A bus traveling in northern Mali was blown by a mine on Monday, killing at least four people, police and administrative officials said. “A bus hit a mine near Ansongo,” a small town about 100 kilometers (60 miles) from Gao,” the regional hub, a Malian military officer in the area said by phone.
“At least four civilians, including a teenage girl, were killed. There were injured as well.” A local official, added: “It was jihadists who laid the bomb in order to terrorize local people, whom they accuse of providing information to the security forces.”
The passengers were heading to a weekly fair in a location several dozen kilometers from Ansongo, the Gao region transport association said in a statement. “There’s no safety,” said Oumar Guire, a member of the association. “There are attacks by armed robbers, or jihadists who put down mines in the road.”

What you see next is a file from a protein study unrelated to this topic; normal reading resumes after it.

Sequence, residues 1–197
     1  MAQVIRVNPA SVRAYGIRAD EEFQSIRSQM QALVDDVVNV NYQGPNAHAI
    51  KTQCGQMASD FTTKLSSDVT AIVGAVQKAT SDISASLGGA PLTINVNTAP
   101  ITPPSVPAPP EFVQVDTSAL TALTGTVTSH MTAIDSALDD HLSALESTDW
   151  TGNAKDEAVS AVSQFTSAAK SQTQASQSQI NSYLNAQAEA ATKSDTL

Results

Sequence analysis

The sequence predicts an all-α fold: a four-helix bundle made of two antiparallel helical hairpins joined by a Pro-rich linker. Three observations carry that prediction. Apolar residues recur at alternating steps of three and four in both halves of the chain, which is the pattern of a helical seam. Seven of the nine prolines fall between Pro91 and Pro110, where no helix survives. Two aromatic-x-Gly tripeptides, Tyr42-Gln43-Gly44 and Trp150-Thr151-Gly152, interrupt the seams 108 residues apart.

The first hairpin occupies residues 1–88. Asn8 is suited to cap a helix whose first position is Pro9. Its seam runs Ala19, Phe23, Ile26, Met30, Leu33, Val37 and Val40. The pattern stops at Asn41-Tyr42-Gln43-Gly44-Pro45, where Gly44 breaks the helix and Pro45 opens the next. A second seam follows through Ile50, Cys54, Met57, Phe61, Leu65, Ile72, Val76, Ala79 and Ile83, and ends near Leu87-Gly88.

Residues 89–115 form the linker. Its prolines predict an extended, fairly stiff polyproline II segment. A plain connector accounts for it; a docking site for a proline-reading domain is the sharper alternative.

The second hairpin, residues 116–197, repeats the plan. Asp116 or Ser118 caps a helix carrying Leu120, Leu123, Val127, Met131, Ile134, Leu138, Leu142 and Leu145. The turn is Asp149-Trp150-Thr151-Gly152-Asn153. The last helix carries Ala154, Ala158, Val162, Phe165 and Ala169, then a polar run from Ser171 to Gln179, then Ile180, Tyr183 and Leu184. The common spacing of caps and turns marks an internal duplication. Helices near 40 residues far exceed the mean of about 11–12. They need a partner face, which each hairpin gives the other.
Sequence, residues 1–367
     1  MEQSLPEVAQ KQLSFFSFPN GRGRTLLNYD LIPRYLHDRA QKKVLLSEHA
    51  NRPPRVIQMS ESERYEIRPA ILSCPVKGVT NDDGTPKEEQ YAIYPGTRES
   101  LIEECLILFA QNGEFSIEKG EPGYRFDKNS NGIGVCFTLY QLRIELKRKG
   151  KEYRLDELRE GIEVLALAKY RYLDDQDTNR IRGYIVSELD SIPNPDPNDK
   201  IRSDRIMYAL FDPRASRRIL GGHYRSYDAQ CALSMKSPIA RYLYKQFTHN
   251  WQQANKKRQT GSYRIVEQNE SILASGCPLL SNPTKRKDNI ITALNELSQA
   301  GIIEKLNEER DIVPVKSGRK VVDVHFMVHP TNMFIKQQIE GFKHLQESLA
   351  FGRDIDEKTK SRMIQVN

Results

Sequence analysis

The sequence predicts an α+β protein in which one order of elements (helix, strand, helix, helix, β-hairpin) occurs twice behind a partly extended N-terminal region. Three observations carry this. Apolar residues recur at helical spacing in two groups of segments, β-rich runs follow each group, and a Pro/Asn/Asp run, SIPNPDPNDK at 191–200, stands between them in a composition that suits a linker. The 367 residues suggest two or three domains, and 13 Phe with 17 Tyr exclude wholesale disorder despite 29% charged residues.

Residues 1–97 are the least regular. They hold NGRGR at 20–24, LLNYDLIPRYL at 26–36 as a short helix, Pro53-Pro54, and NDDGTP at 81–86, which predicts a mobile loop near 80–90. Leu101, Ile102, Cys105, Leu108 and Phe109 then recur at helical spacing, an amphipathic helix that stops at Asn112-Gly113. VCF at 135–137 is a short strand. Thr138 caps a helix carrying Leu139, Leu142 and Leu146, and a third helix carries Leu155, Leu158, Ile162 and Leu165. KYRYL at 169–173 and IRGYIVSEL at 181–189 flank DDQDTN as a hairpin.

Islamist extremists linked to Al-Qaeda took control of the desert north of Mali in early 2012 at the expense of Tuareg rebels, but were chased out of Sahara towns by an ongoing French-led military operation launched in January 2013.
In mid-2015, a peace accord was signed with Tuareg leaders aimed at isolating the jihadists. But much of the region remains lawless, despite efforts by Mali’s army, French soldiers and a UN force, MINUSMA.